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  Main relay   Ignition      

Having Ignition troubles? You've come to the right place for no-start solutions.



Related helpful links

Honda FAQ

Rover Ignition

Mark's Site

 Ignition system - Coil and Igniter DO IT YOURSELF 

How it works
How to spot bad ignition circuit - In 1 minute
You ride along in your Acura or Honda when suddenly your car cuts out. As you lose momentum your car rolls a few feet to a stop . Friends and strangers help push your car along. You've just experience what most likely is an ignition fault. A simple block diagram shows you why your car may have stopped. The battery takes it's path from the ignition switch to the computer, igniter and coil.
(point mouse over picture)

Fed by sensors the ECU tells the Igniter when to switch the coil OFF.

The first step is to check for the rocker arm movement thru the oil filler. The next step is to check for sparks. Remove one end of the plug wire. Insert a spark plug into the wire. Lay the plug solid end to a suitable ground. E.g. exposed bolt, nut, etc.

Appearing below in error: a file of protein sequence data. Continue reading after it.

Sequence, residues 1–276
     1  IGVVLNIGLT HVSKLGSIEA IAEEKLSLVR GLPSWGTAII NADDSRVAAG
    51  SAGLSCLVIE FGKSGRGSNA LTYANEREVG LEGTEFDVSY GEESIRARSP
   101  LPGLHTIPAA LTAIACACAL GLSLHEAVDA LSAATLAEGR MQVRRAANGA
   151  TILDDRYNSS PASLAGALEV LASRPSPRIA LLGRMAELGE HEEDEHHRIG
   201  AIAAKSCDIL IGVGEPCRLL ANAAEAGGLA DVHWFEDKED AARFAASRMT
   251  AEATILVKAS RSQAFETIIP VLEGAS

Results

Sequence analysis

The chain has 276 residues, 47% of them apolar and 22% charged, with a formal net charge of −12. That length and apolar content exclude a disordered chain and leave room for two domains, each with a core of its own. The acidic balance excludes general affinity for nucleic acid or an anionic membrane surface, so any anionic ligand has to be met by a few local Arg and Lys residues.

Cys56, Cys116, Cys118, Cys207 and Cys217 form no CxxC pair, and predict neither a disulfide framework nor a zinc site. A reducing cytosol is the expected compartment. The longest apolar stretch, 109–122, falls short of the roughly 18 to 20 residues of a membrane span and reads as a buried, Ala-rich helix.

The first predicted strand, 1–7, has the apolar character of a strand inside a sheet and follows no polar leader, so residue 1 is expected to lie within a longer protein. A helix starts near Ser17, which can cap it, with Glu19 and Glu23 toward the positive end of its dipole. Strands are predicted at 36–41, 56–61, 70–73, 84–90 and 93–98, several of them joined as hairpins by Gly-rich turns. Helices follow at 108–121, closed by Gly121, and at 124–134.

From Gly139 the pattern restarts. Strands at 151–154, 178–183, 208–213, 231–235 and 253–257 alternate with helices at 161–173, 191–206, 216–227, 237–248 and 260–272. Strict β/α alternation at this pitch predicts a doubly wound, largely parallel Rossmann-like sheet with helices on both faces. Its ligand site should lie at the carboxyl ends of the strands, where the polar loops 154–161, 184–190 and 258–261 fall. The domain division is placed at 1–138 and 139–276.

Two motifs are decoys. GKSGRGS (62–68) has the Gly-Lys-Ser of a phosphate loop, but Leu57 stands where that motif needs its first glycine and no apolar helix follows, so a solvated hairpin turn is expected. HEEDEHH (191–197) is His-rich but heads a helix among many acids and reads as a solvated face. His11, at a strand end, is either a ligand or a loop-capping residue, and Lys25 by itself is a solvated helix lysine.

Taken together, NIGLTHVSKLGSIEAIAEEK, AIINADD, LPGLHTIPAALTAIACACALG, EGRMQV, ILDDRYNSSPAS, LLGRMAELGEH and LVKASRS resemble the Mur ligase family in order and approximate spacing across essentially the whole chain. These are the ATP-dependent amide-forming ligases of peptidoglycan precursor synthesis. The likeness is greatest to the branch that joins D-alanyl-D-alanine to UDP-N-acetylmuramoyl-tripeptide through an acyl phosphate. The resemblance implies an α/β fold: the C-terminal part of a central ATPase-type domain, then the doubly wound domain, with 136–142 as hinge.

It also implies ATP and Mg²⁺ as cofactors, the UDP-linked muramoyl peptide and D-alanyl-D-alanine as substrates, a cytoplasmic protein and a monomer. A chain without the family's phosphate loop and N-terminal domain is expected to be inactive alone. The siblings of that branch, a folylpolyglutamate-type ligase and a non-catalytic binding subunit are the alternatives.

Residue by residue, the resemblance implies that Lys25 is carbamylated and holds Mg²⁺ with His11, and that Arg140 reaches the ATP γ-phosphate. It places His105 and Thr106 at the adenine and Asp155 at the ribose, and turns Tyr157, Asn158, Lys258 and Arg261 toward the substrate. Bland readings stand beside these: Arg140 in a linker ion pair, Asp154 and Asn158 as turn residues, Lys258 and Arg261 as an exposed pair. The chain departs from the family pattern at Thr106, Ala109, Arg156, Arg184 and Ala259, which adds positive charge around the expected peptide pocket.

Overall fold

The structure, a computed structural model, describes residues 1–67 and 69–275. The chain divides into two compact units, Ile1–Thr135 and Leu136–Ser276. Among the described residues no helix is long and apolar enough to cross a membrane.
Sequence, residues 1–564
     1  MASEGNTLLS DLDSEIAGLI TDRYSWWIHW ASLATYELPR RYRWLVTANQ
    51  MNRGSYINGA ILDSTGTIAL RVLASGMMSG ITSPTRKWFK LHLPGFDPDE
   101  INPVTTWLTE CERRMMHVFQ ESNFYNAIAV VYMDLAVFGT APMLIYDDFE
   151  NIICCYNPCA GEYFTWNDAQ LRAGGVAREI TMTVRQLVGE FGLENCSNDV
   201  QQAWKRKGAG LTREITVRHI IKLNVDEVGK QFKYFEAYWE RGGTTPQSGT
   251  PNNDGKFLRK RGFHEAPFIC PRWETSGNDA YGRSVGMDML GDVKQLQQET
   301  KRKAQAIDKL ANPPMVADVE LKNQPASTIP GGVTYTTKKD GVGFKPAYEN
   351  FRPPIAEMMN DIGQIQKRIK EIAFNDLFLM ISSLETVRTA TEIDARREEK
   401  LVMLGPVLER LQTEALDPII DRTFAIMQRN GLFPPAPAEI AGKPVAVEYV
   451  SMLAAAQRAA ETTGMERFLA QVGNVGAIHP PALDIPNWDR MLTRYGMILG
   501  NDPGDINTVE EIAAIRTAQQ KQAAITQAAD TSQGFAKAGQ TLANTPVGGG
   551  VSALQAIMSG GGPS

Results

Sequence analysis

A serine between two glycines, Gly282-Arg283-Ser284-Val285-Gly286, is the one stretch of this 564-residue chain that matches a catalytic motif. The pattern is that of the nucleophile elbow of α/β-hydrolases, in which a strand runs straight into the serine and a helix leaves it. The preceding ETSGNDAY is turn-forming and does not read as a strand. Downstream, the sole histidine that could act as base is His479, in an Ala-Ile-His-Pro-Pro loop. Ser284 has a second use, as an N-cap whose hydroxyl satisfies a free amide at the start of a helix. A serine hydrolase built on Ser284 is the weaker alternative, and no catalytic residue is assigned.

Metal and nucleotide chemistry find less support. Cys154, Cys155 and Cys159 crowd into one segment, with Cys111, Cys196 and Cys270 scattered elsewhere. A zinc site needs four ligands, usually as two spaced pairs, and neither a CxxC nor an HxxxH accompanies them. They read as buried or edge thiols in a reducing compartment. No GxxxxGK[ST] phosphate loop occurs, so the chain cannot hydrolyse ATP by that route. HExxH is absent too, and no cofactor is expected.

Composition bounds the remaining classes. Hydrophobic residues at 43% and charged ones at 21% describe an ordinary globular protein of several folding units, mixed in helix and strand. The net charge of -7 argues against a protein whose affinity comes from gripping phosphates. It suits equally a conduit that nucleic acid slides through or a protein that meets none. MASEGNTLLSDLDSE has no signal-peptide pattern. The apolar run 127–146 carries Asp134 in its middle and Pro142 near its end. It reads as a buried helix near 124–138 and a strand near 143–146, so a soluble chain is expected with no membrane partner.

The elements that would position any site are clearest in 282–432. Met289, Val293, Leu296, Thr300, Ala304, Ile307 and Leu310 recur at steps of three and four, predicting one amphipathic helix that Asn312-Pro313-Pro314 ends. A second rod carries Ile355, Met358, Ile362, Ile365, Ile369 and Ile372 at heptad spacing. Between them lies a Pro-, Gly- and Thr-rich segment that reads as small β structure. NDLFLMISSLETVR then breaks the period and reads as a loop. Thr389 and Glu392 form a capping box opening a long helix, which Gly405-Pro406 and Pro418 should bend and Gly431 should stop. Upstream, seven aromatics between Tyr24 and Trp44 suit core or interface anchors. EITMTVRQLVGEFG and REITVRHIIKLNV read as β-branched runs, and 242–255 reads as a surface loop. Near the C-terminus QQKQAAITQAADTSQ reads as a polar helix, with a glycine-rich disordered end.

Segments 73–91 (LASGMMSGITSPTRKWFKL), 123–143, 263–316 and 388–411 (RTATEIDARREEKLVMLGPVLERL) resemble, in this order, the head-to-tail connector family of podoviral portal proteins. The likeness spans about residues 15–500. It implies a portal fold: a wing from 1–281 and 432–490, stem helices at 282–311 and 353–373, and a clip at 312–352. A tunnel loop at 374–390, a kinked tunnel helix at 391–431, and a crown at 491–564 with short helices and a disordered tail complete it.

Warning: Coil shock may be hazardous due to abrupt body movement causing injury. A practical step is to isolate you from ground - Do not lean on metal body panels, plastic bumpers okay. DO NOT ATTEMPT on a distributerless ignition system or DIS - with lethal voltages up to 70KV.

Next step is to check for spark at the coil. Run a ground lead (connected securely to negative body ground) to the output port (secondary) of the coil and allow a small gap between the ground wire and the output port.

<------Apply ground wire very close to the secondary port.

My problem sounds like a main relay. Check for fuel. Listen to the low whine of the fuel pump in the rear seats and take notice of the unusual activity of the Check Engine Light (CEL).


Could it be something else. Open the oil cap to see if the rocker arms are moving. This should've been done earlier. If the rocker arms are not moving, you will need to deal with the timing belt first. Could it be the ignition key? Normally you should have 12V on at least one of the coil's terminal if your ignition key switch, fuse or other connections are working properly.